As I’d mentioned before, I’ve started working with fruit juice as a sweetener in some baking experiments. Why not just use agave or maple syrup, you ask? Well, there is some controversy regarding the safety of agave nectar in larger quantities (just Google it, if you’re curious) and maple syrup is terribly expensive to be throwing willy-nilly into every recipe. That combination, plus a curious situation that happened to the son of a friend of mine, had me wondering what options there were for good baked goods made with fruit and fruit juice.
A former co-worker of mine came to me with one of the more perplexing food intolerances I’ve been asked about: her son could tolerate cane sugar and fruit sugar, but not within 4 hours of each other or he would break out into hives. She was looking for baked snacks she could pack up to send with him to daycare that wouldn’t cause him to react with the fruit juice he was served.
It got me thinking about baking with fruit juice. Transitioning from a solid sugar (cane) to any sort of liquid changes the chemistry of a recipe. Fruit juice in itself isn’t sweet enough or thick enough to do much of anything in a recipe. Even condensed fruit juice isn’t the best option, as it’s viscosity if still very thin. So, I determined the best way to approach this was to take some fruit juice concentrate and further reduce it, creating a thick juice syrup with a better consistency for baking.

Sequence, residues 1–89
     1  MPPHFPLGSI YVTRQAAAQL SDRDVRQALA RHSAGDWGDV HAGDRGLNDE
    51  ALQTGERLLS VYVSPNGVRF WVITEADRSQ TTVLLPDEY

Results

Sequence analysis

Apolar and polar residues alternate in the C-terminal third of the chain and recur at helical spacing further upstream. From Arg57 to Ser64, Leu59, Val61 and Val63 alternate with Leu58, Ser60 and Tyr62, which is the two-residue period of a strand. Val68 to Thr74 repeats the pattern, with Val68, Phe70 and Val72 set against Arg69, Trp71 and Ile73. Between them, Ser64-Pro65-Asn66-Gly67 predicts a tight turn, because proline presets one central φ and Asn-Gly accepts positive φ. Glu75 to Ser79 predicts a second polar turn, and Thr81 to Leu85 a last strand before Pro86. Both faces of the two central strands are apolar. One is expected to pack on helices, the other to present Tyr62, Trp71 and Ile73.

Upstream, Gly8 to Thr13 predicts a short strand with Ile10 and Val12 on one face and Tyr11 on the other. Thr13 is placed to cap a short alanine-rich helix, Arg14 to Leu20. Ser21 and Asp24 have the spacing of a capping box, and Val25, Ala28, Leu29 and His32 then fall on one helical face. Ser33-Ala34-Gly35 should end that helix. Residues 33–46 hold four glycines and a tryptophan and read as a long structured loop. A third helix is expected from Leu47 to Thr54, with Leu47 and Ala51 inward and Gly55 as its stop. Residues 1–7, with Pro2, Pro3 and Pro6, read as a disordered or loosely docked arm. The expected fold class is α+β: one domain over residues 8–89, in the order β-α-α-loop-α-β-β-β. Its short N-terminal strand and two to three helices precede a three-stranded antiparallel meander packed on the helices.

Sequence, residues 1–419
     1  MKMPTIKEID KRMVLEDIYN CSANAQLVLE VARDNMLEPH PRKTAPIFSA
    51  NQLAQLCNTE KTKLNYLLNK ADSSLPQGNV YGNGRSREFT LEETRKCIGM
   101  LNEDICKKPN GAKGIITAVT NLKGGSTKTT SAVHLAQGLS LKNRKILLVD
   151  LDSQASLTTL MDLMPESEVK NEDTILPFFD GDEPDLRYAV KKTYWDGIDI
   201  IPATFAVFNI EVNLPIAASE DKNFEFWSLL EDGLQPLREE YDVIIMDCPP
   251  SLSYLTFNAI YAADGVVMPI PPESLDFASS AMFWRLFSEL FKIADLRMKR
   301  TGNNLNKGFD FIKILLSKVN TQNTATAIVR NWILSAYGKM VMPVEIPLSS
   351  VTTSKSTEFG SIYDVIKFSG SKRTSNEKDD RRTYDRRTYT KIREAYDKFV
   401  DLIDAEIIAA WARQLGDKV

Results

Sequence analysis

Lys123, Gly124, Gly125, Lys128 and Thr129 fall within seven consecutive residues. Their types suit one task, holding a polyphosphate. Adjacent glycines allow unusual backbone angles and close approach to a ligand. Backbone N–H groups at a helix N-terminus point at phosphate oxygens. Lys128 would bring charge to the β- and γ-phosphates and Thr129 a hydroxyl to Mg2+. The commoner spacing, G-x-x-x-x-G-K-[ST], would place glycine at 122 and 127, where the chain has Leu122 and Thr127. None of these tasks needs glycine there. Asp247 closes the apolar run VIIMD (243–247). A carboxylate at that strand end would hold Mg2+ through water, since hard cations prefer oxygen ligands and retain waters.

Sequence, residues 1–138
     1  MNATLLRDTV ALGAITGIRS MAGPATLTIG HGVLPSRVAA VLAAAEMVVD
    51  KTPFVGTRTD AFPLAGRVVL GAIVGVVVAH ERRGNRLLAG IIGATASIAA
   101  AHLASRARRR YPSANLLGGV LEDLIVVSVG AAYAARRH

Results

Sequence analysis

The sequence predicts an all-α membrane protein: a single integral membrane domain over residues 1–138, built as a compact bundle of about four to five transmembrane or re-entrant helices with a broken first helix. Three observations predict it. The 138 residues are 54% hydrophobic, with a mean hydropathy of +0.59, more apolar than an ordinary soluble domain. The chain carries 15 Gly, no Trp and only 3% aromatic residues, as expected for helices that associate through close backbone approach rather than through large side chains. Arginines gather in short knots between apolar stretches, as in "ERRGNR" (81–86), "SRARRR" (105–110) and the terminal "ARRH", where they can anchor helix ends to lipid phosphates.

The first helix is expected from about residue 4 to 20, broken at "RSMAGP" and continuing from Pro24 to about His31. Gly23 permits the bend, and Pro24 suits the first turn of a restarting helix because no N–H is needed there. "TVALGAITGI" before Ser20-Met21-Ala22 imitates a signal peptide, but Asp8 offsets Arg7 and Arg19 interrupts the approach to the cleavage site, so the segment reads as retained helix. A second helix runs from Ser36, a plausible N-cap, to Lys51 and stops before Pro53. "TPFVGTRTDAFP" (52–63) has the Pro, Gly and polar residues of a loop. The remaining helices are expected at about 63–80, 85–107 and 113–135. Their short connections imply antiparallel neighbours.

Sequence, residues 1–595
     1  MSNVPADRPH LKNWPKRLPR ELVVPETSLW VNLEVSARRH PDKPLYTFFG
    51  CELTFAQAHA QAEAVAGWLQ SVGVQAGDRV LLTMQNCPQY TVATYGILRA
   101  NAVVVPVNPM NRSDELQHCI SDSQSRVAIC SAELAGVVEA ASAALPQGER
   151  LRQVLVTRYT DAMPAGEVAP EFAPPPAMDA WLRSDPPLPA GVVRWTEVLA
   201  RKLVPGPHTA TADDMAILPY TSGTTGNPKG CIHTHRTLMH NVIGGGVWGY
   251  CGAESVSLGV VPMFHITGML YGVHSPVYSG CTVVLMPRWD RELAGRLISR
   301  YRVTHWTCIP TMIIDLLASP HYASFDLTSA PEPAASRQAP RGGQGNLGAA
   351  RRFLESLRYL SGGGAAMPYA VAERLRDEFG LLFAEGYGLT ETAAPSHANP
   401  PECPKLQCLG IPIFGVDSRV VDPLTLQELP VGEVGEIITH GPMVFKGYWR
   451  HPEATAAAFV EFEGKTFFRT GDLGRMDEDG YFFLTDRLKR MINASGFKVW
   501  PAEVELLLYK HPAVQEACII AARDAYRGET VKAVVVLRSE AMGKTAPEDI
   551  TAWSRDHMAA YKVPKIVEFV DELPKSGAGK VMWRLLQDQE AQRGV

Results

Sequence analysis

Fruit Juice Reduction
1– 12 oz. container of 100% fruit juice concentrate (more neutral flavors like apple or white grape are recommended, unless a bolder flavor will work with what you’re making)
In a pot on the stove top, simmer the juice concentrate until reduced by 1/3 (1 container of juice should reduce down to 1 cup), about 10 minutes. Once it’s started to reduce, I typically start pouring it into a measuring cup and if it’s not reduced enough, keep dumping in back in the pot to simmer some more. Remove from heat and let juice cool completely before using. Store leftover FJR in a container in the fridge for up to 2 weeks.
Unfortunately, there is no easy x-for-x substitution for using this in recipes. How much depends on many factors including the kind of baked good, the amount of other liquids, the amount of sweetener, etc. Rest assured, I am working on rounding up a posse of recipes using this reduction. Keep your eyes out for later this week, when I unveil my first fruit juice sweetened recipe!
Squirrel’s Vegan KitchenGo back in time to my original blog: Squirrel’s Vegan Kitchen!
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